Hybrid languages

Hybrid languages have both modal and first-order characteristics: a Kripke semantics, and explicit variable binding apparatus. This paper motivates the development of hybrid languages, sketches their history, and examines the expressive power of three hybrid binders. We show that all three binders give rise to languages strictly weaker than the corresponding first-order language, that full first-order expressivity can be gained by adding the universal modality, and that all three binders can force the existence of infinite models and have undecidable satisfiability problems.
Keywords Modal logic  correspondence theory  first-order fragments  hybrid languages
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DOI 10.1007/BF01049415
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References found in this work BETA
Wilfrid Hodges, Model Theory. Stanford Encyclopedia of Philosophy.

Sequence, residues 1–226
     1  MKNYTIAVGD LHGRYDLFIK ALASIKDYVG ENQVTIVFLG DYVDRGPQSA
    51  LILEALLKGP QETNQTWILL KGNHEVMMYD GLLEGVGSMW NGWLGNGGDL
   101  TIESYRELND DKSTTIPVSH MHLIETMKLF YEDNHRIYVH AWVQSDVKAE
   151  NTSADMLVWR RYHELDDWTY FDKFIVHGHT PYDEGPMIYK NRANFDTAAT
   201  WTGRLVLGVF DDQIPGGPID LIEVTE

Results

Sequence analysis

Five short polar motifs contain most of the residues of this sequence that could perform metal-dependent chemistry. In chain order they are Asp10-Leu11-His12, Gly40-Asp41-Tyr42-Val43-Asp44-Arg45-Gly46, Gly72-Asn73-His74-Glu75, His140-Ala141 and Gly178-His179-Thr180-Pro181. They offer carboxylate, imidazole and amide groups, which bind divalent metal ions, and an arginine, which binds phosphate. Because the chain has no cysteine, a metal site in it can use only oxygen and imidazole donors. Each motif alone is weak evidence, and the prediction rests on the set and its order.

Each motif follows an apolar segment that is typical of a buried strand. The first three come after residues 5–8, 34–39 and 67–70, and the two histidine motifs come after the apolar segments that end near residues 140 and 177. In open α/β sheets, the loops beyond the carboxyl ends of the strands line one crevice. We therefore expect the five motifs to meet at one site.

Maarten de Rijke (1992). The Modal Logic of Inequality. Journal of Symbolic Logic 57 (2):566-584.
George Gargov & Valentin Goranko (1993). Modal Logic with Names. Journal of Philosophical Logic 22 (6):607 - 636.

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Citations of this work BETA
Johan van Benthem (2012). The Range of Modal Logic. Journal of Applied Non-Classical Logics 9 (2-3):407-442.
Igor Yanovich (2015). Expressive Power of “Now” and “Then” Operators. Journal of Logic, Language and Information 24 (1):65-93.
Joshua Sack (2008). Temporal Languages for Epistemic Programs. Journal of Logic, Language and Information 17 (2):183-216.

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